WE HAVE MET THE ENEMY AND HE IS US. This famous quote from Walt Kelly’s Pogo comic strip is a beauty for its timeless political irony. But for me, it also summarizes the plethora of blogs and articles the media continue to belch up to pin down those difficult to connect with and communicate to Millennials.
WE HAVE MET THE MILLENNIALS AND THEY ARE US. Maybe the problem with understanding the Millennial generation is with how the Baby Boomer and Gen X generations are interpreting who they are, what they want, and how to make them do what we want them to do. As a recent article in the Guardian points out, it’s become almost adversarial.
“I think the boundaries end up getting drawn to some extent by the media, and the extent to which people accept them or not varies by generation,” Tom DiPrete, sociology professor at Columbia University says. “I would be somewhat skeptical that they can be documented rigorously.”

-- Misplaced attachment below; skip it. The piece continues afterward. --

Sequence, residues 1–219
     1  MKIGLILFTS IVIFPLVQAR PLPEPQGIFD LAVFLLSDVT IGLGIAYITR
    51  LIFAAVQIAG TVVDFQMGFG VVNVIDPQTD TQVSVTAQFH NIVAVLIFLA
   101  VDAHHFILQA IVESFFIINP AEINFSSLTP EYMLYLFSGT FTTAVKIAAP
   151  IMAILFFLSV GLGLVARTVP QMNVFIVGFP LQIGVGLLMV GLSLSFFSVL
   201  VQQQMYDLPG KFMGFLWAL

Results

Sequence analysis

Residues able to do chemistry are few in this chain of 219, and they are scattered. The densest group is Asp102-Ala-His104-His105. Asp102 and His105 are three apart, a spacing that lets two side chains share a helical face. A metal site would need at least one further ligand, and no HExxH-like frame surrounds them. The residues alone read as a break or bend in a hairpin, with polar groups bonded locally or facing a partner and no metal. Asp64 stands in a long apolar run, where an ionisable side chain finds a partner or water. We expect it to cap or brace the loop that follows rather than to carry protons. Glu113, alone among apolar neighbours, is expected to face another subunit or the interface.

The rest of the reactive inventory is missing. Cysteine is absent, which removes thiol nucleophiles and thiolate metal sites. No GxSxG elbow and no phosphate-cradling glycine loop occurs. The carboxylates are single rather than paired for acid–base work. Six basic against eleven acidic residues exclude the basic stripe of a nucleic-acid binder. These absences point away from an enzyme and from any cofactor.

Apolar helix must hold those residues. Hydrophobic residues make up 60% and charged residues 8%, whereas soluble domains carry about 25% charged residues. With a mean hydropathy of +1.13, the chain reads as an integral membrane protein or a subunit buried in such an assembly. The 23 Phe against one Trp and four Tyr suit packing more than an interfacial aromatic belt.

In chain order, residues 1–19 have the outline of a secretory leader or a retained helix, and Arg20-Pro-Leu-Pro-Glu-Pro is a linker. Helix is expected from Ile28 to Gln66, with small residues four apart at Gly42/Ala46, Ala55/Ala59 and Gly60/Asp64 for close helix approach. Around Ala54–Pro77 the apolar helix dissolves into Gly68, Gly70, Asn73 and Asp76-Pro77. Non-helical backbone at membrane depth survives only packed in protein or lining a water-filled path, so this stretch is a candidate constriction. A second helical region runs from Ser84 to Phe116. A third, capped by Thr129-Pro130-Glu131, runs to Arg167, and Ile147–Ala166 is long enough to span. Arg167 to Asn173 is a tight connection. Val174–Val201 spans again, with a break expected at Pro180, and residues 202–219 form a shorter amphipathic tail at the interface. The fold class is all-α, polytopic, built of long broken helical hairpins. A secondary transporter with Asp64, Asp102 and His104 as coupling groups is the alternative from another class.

Baby Boomers are tireless in trying to lump Millennials together in one big marketing matzo. According to the avalanche of commandments in the articles and posts that proliferate online, Millennials are:
- ENTITLED. We all had that bone when we were young. But maybe it’s also that every Apple store is manned by Millennials helping Baby Boomers turn their devices on. And for a generation that came of age during the calamity of 9/11, 14 years of war, a financial system that got gamed, high unemployment while being saddled with impossible debt and the Tea Party…maybe it’s not that they feel entitled. Maybe it’s that they see us as incompetent.
- LOUSY WRITERS. Sure there might be less knowledge of a “formal writing structure for business,” but since when was that great writing? And by the way, they have also added a bunch of cool new words to the dictionary.
- IMPATIENT. That’s what being young is about. But think how patient they are while helping a frantic Baby Boomer turn their devices on.
- NOT BIG AT NETWORKING. Isn’t that what Tinder and Grindr are for?
- NOT GIVING MONEY TO UNETHICAL CORPORATIONS. There will always be corporations with the consciousness of Ann Coulter. But voting with your cash is more effective than voting at the polling place. There’s no electoral college.